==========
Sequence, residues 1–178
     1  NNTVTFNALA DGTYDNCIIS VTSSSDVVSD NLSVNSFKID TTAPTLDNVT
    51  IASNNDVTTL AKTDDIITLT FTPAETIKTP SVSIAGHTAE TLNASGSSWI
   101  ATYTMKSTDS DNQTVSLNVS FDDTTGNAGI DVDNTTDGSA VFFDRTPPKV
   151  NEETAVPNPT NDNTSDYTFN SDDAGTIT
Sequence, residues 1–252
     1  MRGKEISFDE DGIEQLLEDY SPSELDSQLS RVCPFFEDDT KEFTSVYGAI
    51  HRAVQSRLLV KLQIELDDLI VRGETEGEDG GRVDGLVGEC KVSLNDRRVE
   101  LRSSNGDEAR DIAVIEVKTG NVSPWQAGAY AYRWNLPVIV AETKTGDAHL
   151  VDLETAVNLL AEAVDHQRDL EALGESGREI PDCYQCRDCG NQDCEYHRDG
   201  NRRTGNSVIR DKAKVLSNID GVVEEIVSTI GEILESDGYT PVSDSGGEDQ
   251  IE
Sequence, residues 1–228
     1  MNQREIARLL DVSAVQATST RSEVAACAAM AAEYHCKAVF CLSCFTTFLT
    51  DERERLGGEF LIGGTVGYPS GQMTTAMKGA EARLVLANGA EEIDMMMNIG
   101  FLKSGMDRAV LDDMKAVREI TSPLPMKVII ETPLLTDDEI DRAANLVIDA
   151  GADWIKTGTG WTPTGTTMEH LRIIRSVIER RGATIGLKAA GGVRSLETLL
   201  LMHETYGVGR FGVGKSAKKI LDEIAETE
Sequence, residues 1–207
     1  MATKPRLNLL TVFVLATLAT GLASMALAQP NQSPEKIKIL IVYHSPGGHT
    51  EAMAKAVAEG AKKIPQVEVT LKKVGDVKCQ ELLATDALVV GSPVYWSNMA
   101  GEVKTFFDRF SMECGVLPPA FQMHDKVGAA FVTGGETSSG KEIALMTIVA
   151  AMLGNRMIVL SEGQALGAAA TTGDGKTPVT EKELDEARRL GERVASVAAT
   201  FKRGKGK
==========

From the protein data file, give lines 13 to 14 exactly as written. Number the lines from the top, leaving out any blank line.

Sequence, residues 1–228
     1  MNQREIARLL DVSAVQATST RSEVAACAAM AAEYHCKAVF CLSCFTTFLT